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Roundtable: Field Service and LogisticsRoundtable: Field Service and Logistics

Refinements in technologies and practices make aftermarket activities profitable for medtech manufacturers.

September 1, 2008

22 Min Read
Roundtable: Field Service and Logistics


It hasn't been all that many years since medical device manufacturers discovered that their parts and repair services for capital equipment could be a valuable commodity to their customers. That realization made it possible for many medtech companies to negotiate more-inclusive contracts with their customers, and turned many companies' cost centers into profit centers.

Since that time, medtech field service and logistics have continued to evolve, offering increasingly sophisticated technologies for field support and even creating a lively market for third-party logistics providers. For this issue's roundtable discussion, MX called upon a panel of experts to provide their views about recent advances and current trends affecting medtech strategies for field service and logistics (see sidebar, 'Roundtable Participants').

MX: A decade or so ago, a lot of device companies would not have thought to consider field service and logistics a competitive business area or a profit center. Have most of them evolved since then?

Michael Aviotti: Cardinal Health employs a number of different models where service is a business or support center. Service is part of the lease for our dispensing products, so it's in essence a cost in that model. But on the infusion products side, it's a business model. We have to keep the sets coming in, and the consumables really are most important to the business.

Service for us is not a cost center or a profit center, I call it a business center.

Ted Nemetz: In all the companies I've worked for, service has always been a profit and loss (P&L) center—in fact, the major P&L center.

Warren M. Gitt: At Hill-Rom, service is both a profit center and a cost center. There's a greater tendency for the repair service to be a profit center, so there's more emphasis on that.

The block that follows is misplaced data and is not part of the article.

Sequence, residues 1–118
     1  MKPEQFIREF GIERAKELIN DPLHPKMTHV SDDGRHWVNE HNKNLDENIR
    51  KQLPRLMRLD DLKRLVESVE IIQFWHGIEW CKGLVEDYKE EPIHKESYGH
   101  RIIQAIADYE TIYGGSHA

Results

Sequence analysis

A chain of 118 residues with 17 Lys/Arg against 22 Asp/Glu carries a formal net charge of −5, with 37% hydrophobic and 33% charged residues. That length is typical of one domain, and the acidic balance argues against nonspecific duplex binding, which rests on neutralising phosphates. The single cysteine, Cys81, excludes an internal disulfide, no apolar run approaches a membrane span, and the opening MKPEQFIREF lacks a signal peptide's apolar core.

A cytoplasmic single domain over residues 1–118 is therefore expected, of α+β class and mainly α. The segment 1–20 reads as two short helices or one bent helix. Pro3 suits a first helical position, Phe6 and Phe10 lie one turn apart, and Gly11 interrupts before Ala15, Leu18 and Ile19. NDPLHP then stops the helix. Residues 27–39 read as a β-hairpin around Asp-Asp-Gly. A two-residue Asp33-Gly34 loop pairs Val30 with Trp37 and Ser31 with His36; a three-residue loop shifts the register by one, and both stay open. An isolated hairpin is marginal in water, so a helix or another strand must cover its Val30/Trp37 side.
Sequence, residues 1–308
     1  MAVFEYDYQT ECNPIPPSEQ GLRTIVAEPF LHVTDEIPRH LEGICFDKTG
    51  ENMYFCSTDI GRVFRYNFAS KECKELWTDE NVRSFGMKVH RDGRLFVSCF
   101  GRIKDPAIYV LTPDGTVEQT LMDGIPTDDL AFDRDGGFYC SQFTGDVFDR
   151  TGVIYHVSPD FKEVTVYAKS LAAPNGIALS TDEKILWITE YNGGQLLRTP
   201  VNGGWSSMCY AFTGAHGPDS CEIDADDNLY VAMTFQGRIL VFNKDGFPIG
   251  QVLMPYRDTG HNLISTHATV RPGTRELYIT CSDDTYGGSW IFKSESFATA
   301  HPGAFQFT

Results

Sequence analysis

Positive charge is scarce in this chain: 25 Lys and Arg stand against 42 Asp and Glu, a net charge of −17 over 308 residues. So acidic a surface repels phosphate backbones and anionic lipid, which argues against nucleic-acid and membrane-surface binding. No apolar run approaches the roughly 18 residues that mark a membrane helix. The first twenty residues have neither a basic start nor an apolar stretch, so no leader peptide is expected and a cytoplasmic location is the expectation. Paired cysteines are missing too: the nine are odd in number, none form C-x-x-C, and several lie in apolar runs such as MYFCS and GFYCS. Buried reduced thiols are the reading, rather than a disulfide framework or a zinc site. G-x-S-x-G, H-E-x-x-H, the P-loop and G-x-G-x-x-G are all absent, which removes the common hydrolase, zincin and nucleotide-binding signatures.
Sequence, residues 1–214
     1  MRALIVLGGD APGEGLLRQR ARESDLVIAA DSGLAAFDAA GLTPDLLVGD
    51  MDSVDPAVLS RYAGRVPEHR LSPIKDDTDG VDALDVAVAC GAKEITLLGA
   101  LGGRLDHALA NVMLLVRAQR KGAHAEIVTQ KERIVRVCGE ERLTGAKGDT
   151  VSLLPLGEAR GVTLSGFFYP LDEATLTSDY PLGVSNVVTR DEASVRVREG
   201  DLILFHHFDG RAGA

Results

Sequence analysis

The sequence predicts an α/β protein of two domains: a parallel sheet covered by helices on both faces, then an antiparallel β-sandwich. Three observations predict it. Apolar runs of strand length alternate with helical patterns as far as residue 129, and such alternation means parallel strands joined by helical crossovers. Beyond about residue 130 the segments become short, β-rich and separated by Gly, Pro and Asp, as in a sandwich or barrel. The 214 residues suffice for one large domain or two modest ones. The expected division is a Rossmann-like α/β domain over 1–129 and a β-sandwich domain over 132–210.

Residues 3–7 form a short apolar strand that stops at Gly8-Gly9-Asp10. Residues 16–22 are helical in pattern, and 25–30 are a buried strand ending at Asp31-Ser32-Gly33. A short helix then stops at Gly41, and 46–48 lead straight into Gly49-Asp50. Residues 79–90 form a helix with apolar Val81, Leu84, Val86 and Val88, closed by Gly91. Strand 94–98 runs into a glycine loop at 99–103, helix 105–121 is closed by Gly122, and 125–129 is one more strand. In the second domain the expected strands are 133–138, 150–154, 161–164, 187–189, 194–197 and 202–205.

I think one factor in this is increasing consumerism and the emphasis on Internet convenience. People have such high expectations for speed and quality of service, and that's bled over into the medical technology business.

Donna McBride: Because our firm is an outsourcing business, most of the companies we deal with view logistics and service as a P&L center. But for some, it's also a competitive advantage.

How do medical device companies plan the area of field service and logistics? Is it strictly a head count and a guess at revenue and costs, or is there more to it?

Nemetz: Our strategy is based on service being the major P&L center for the corporation. So a lot of our dollars go back into research and development. You know, all of the company's compensation is based on what service brings in.

So, as we grow, our budget is put together in response to the growth of the installed base of imaging equipment that we hope to advance in the years going forward. We're the major annuity stream for Toshiba. Service looks out over a long-term period of four or five years because we have our contracts.

So, the strategic direction of the company has a lot to do with where it wants to take the service organization.

Aviotti: For our infusion business, the device we currently sell we designed so simply that it's really a parts business for us. It's quicker and easier for the customer to fix the instrument than it is to call up, get a return goods authorization, box up the entire unit, and send it back. So, our business is planned around parts and the availability of parts, and even more around user training. We're trying to keep the pumps going long enough, and to keep the customers satisfied, so that they continue running infusion sets through them.

When users go to buy the infusion device, they want to get an idea of what it costs to own it over five years. And on the basis of our experience with other people buying parts, we can tell them what percentage of their capital purchase they'll spend in parts—so long as they don't decide to use the device for something like bowling. Some people are very destructive with the devices, but most of the time we can predict pretty accurately how much they'll spend on parts.

Gitt: I think that companies base their service planning on whatever history they have plus forecasts for sales activity--and then try to increase penetration to the installed base of equipment so as to get more service dollars.